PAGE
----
All Nippon to add new London-Tokyo Haneda flights

Japan’s All Nippon Airways (ANA) has announced plans for a new service between London and Tokyo Haneda Airport, amid rising demand for the route, Air Market said in an online report.

The new service, effective from March 30, 2014, also follows the news from the Japan National Tourism Organisation that the country is likely to hit the ten million visitor mark by the end of 2013.

Haneda Airport is increasingly seen as a hub, due to its accessibility for central Tokyo (13 minutes by Monorail) and the range of domestic flights, enabling easy access to popular Japanese destinations such as Hiroshima, Matsuyama and Okayama. The expansion will make ANA the biggest airline at Haneda Airport, offering the most international flights to and from this airport.

ANA adopts a dual-airport strategy in the Tokyo area, capitalising on the strengths of Haneda and Narita Airport. Routes and schedules for destinations between the two airports are claimed to be carefully planned to complement one another, offering passengers more choice and convenience, and meeting the growing demand for international travel.

Osamu Shinobe, ANA president, said, ‘With the new slots being added to Haneda Airport, we are seeking to utilise the strengths of both Haneda and Narita airports to offer an increased level of convenience for domestic and international routes, gaining new international customers travelling between Japan, North America, Europe and Asia.

‘Also in-line with the Haneda expansion, ANA is planning to offer an enhanced lounge and services, delivering a five-star airline experience both in the air and on the ground, allowing customers to experience Japan Quality at all times,’ he added.

ANA is planning to launch a new UK marketing campaign in late-December to support the expansion. ANA’s ‘By Design’ campaign focuses on the beauty of Japanese culture and its tradition of exceptional service, as part of efforts to attract more business travellers, as well as others to the country.

Emirates Announces New Service to Tokyo

UAE-based airline company, Emirates, has increased its commitment to Japan with the introduction of a new service between Dubai and Tokyo International Airport (Haneda Airport).

The daily, non-stop flights will be commencing from June 3, 2013. Haneda Airport is the 131st destination served by the airline, and a three-class Boeing 777-200LR will operate the service

Thierry Antinori, Emirates executive vice president for passenger sales worldwide, said, ‘As Emirates’ third gateway in Japan, the Dubai to Haneda route will help to build on the vibrant relationship between the United Arab Emirates and Japan, in terms of trade and increasing the opportunities for business and tourism.

Emirates has been operating to Japan since 2002 when we introduced non-stop flights to Osaka; our commitment continued when we launched flights to Narita International Airport in 2010.

We are confident that the demand in terms of both passengers and cargo is strong enough to warrant Emirates operating non-stop, daily flights to both of Tokyo’s airports, offering our passengers more flexibility on the route to Dubai and onwards to over 70 destinations in the Indian Ocean, Middle East, Africa and Europe.’

The airline had previously announced another new service, this time to Poland, commencing from February 6, 2013. The airline is offering a daily service to Warsaw in Poland, from Dubai in the UAE, with a 237 seat Airbus A330-200 aircraft.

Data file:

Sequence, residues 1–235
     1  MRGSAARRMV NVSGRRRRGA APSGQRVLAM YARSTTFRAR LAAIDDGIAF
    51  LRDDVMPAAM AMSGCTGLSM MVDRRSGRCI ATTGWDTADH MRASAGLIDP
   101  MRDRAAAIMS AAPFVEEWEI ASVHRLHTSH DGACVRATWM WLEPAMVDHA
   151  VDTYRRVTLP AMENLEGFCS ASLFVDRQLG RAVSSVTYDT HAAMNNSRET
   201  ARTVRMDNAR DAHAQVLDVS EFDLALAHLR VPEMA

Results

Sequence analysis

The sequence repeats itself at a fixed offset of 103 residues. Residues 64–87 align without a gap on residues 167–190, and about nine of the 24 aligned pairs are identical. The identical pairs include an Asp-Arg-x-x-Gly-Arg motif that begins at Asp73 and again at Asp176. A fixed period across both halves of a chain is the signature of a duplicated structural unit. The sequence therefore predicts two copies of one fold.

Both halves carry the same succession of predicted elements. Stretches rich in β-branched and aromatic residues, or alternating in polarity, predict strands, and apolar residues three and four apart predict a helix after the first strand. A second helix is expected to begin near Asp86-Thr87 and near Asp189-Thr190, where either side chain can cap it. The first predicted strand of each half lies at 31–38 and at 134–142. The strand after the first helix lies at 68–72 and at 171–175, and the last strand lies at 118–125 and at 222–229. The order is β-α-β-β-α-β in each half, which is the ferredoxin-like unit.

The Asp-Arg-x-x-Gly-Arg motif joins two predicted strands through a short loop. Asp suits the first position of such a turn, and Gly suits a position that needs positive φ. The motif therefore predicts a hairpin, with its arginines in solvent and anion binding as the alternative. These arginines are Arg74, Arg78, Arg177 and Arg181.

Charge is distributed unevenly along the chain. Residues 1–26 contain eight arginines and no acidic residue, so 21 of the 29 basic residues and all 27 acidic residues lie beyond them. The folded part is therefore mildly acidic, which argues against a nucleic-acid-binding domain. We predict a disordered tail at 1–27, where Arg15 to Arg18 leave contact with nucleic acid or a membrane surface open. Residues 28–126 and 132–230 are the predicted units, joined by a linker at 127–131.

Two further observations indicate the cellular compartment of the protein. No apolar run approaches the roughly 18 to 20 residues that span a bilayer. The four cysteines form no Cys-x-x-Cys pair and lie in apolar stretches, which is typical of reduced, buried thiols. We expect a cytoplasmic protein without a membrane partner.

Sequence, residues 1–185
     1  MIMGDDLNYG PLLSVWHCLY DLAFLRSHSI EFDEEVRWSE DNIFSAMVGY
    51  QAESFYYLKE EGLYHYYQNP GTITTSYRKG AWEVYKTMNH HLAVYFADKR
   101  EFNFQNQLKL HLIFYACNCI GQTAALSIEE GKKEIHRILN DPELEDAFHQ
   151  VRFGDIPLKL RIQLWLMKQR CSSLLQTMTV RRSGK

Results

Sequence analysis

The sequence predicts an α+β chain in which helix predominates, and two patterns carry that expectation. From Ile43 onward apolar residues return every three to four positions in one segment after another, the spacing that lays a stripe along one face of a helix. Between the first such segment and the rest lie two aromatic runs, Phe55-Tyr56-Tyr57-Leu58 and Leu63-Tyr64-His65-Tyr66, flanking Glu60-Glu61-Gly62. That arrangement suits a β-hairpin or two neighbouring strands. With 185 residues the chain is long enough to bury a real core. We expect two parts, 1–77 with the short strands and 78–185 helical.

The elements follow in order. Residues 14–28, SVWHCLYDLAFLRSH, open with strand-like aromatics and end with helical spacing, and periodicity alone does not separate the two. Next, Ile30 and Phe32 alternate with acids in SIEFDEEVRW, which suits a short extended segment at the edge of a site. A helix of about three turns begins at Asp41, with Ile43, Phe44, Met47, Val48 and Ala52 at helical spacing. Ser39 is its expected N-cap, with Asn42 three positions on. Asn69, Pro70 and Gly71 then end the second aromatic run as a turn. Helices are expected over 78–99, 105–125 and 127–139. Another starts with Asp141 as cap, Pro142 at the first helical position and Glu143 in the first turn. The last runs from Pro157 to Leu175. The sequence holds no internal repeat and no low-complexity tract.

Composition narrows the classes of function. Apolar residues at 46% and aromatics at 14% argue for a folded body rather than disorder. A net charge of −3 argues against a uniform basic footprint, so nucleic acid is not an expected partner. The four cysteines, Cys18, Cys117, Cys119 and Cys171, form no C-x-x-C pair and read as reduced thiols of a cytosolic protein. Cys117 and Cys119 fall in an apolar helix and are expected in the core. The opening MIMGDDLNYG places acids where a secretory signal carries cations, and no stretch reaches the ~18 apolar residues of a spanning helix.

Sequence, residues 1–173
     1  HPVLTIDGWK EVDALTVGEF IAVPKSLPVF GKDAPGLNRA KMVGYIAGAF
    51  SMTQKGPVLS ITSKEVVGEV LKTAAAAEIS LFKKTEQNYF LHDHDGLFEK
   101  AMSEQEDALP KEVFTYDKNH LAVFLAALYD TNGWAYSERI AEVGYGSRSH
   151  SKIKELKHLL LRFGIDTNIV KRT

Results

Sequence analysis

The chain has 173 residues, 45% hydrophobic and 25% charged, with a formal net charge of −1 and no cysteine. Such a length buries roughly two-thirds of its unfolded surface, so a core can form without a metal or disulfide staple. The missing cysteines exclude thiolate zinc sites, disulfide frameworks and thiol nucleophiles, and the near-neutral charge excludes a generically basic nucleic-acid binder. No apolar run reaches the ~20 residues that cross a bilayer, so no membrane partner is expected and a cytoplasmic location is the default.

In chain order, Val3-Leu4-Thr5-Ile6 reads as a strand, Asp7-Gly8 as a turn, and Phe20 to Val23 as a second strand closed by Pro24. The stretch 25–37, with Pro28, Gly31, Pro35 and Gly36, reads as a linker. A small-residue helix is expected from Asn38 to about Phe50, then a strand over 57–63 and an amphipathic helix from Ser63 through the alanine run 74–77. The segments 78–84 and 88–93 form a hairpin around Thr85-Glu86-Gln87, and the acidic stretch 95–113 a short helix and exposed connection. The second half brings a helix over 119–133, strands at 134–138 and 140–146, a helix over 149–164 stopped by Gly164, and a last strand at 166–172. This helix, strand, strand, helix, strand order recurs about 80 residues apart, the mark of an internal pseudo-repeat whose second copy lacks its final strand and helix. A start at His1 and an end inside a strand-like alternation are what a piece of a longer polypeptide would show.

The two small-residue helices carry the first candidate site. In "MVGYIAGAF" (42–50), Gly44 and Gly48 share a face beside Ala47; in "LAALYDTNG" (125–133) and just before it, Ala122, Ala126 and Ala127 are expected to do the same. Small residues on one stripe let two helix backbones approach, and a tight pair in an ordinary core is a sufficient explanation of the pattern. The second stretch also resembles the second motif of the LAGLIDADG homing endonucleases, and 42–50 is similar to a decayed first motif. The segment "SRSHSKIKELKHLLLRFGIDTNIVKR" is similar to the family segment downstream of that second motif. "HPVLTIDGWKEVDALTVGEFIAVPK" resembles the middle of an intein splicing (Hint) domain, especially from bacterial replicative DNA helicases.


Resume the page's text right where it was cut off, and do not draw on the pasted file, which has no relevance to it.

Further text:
The airline is currently offering five flights daily for its passengers from London Heathrow Airport in the UK to Dubai, as well as two flights daily to Dubai from Glasgow Airport in Scotland. The airline also offers direct to Dubai flights from Birmingham, London Gatwick, Manchester and Newcastle airports in the UK.

Hotel Chinzanso Tokyo to Open in Tokyo in 2013

Fujita Kanko Inc, a hospitality company based in Tokyo, Japan, has announced the opening of the Hotel Chinzanso Tokyo, due for January 1, 2013.

The hotel, earlier known as Four Seasons Hotel Tokyo at Chinzan-so, will be operated as Hotel Chinzanso Tokyo, by the company itself. The company was earlier operating the separate meeting and conference facilities located in the same property complex, and has added the hotel to its portfolio.

Chinzanso means ‘villa on a mountain of camellias’, and is located inside a 16.3-acre Japanese botanical garden in the centre of Tokyo, within walking distance of Edogawabashi subway station, and close to the Mejiro JR station. The hotel is also located next to the Kanda, on the riverside, offering a location to observe the annual sakura (cherry blossom) season in Japan.

The property includes event spaces, such as 22 banquet and meeting rooms; and six restaurants, along with the hotel building itself.

Hotel Chinzanso Tokyo features 259 guest rooms and 36 meeting rooms. The hotel will be taking reservations for its grand opening from July 2, 2012, from its new website.

The company intends to invest around £60 million in next three years on property renovations and upgrades.

Kazumasa Suezawa, the company president and chief executive officer, said, ‘As a Japanese tourism pioneer, we now must step up and operate the entire property ourselves. We look forward to welcoming guests from around the world to this one-of-a-kind, exquisite luxury property, to experience the authentic culture its new name embodies.’

The power of films – Tokyo’s international film festival, Asia’s global hotel booking site and part of Nasdaq-listed Priceline Group, today announced hotel specials for the Tokyo International Film Festival.


Taking place from October 22 to 30, TIFF is held annually in several venues across Tokyo, most events staged within Roppongi Hills in the Minato area. Roppongi Hills is a multi-function urban development comprising boutiques, cinemas, restaurants, art spaces and sculptured gardens, providing a cosmopolitan backdrop to this glamorous international event.


This year, two opening films kick off the event: Hollywood action ‘The Three Musketeers’, and Jackie Chan’s ‘1911’. The latter is Chan’s 100th film and is both directed by and starring the Hong Kong superstar. Other highlights include a retrospective of iconic Japanese actress Kyoko Kagawa, a presentation of Yasujiro Ozo’s 1953 masterpiece ‘Tokyo Story’, and a screening of ‘Moneyball’ with Brad Pitt, which will officially close the festival. Aside from movie screenings, TIFF includes special appearances by actors and industry-related seminars and symposiums.